The Washington Post/Getty Images
Veronica Hilbring
Feb, 02, 2018

The Smithsonian Institute's National Museum of African American History and Culture (NMAAHC) is redefining how the public interacts with artifacts from the past with a new 3-D installation, just in time for Black History Month.

Museums across the country have always been tasked with how to present vast historical objects to the world that are often too fragile to be handled by the public. Starting in February, visitors to the NMAAHC will have the opportunity to interact with rare Black history items in the ultimate virtual experience.

This 3-D installation, constructed by a volunteer team of engineers at Google as part of’s effort to expand access to historical artifacts throughout the nation, will feature items like a tin of Madame C.J Walker’s wonderful hair grower, three-inch platform boots that were once worn on Broadway and a cast of the left-hand of a piano player.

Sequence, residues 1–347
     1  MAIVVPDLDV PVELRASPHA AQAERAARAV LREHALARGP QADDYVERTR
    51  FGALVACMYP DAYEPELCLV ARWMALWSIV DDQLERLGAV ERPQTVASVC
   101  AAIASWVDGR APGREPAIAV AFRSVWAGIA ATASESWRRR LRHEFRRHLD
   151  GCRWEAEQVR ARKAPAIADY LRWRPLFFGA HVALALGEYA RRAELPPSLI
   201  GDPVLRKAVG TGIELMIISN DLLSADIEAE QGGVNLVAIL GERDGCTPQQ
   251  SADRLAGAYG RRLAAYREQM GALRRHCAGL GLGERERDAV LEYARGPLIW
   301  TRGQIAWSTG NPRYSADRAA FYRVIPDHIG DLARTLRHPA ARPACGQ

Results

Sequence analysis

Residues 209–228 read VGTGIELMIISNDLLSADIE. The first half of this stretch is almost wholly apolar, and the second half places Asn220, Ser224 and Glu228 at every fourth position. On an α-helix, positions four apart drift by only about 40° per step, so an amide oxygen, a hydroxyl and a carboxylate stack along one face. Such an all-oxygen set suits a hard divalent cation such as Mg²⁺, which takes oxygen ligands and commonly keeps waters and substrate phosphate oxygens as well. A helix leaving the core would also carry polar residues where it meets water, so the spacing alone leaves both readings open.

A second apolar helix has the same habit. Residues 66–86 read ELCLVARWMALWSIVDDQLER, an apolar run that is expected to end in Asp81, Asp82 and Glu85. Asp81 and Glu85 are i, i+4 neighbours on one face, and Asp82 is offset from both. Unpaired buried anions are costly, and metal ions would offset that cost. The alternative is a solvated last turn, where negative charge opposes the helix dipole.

"I'm so proud to have been part of this effort to tell our people's stories," said Bria Sullivan, a software engineer at Google, who worked on the extensive project in her free time. "This is has been one of the most rewarding experiences of my life." initially donated $1 million to the NMAAHC in 2016. This latest undertaking adds to Google's efforts to encourage diversity, and expand the arts and culture.

Late last year, the technology giant announced a $1 million grant to The Hidden Genius Project, an Oakland-based group that mentors Black boys and aims to shift perceptions of computer scientists. In a statement Principal Justin Steele, Steele said the “funds will help the organization grow into new cities, train more staff, and expand their work to inspire more young people to pursue careers at the intersection of tech and their passions."